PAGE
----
Cushing’s Syndrome in Dogs
Cushing’s syndrome is what happens when a dog’s body makes too much of a hormone called cortisol. Cortisol helps respond to stress, control weight, fight infections, and keeps the blood sugar levels in check.
There are two types of this condition. One is Pituitary Dependent and the other one is Adrenal Dependent. Pituitary Dependent is the most common form and it affects about 80% to 90% of the animals who have Cushing’s. It happens when there’s a tumor in the pituitary. The pituitary is a pea-sized gland at the base of the brain. Adrenal dependent happens when a tumor is in the adrenal glands. The adrenal glands are located top of the kidneys. Only 15% to 20% of diagnosed dogs have this type.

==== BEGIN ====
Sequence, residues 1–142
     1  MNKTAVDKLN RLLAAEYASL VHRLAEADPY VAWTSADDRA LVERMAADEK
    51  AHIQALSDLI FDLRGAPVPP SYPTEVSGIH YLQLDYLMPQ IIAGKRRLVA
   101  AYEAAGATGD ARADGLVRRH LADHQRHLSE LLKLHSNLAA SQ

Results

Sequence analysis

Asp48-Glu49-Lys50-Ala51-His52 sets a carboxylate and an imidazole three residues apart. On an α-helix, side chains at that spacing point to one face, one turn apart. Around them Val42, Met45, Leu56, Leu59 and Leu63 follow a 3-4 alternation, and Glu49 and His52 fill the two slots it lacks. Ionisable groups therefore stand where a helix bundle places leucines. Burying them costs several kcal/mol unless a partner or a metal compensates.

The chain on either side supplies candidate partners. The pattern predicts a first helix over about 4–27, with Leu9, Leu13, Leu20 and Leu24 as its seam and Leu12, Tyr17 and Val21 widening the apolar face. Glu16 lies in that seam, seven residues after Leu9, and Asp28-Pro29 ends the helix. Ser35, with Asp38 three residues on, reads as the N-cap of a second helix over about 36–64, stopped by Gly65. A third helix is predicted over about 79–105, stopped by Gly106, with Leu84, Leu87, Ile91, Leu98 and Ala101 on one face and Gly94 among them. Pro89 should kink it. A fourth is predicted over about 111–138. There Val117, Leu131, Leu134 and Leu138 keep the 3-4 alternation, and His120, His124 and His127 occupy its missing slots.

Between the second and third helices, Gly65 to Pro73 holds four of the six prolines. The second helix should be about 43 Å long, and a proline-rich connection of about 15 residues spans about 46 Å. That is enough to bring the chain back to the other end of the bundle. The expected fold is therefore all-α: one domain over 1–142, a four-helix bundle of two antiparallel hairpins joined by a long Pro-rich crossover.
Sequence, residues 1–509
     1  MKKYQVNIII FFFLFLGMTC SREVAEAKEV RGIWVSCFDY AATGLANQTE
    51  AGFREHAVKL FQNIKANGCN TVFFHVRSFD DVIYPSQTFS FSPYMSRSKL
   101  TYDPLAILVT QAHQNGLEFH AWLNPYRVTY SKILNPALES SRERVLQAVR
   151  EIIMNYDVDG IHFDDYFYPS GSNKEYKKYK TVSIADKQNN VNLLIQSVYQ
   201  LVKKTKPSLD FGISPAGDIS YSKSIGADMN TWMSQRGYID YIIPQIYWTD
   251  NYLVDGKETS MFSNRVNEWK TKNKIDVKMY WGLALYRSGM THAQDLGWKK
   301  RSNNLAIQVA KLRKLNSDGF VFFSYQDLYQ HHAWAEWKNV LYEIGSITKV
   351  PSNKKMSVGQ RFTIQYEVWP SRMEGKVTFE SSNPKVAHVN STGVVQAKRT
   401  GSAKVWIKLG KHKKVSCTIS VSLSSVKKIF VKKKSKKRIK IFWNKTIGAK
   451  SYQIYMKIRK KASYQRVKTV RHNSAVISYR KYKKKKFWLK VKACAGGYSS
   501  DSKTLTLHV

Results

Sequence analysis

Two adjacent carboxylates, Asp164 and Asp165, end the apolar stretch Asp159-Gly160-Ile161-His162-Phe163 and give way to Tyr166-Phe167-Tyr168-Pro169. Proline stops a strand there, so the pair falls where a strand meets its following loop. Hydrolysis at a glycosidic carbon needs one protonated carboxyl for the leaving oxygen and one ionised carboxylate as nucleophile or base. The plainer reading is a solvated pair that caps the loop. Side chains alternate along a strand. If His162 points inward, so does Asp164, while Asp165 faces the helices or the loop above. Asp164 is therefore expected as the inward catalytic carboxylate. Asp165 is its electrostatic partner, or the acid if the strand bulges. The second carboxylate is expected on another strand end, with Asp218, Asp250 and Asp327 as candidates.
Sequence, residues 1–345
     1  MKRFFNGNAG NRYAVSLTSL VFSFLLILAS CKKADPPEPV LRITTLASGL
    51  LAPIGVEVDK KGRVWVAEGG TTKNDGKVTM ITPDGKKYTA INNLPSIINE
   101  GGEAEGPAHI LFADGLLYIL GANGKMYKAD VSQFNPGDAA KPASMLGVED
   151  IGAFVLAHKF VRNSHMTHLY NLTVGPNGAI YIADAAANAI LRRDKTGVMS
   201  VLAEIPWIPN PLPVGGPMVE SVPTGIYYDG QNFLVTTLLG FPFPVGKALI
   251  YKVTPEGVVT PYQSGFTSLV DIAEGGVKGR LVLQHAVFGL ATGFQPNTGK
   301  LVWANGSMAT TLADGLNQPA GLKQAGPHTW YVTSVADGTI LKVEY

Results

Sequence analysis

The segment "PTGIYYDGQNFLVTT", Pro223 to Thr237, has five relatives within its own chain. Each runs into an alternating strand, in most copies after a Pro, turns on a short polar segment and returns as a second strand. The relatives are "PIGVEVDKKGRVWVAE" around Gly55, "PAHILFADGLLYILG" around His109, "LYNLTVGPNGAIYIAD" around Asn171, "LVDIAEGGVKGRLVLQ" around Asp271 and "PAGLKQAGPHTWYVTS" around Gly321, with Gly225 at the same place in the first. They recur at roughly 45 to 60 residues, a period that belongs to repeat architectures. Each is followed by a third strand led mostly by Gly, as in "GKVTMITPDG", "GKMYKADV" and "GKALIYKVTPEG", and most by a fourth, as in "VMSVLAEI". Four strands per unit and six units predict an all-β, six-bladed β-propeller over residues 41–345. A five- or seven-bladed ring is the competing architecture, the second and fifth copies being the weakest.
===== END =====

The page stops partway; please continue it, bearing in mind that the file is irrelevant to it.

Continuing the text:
This condition mostly affects middle-aged and older dogs, and the warning signs may be hard to spot in the beginning.
- Thirstier than usual
- Seems hungrier
- Urinates more
- Loss of hair or slow growing hair
- Gets “pot belly”
- Has thinning skin
- Seems very tired and inactive
- Pants a lot
- Gets skin infections
Our veterinarians will run a few tests to see what may be causing your pet’s symptoms and to rule out other health problems. Our doctors will start out testing your dogs blood and urine. Then our veterinarians will follow up with hormone screening tests like ACTH stimulation test, or a Low dose dexamethasone suppression (LDDS) test.
Usually, a dog with Cushing’s syndrome can live a active, normal life with medication to treat the condition. Your dog will need to be on the medications for the rest of their life. Your dog will need regular check-ups and blood tests to make sure that the treatment is working. The most important thing you as the owner can do is to follow the treatment plan given by our doctors.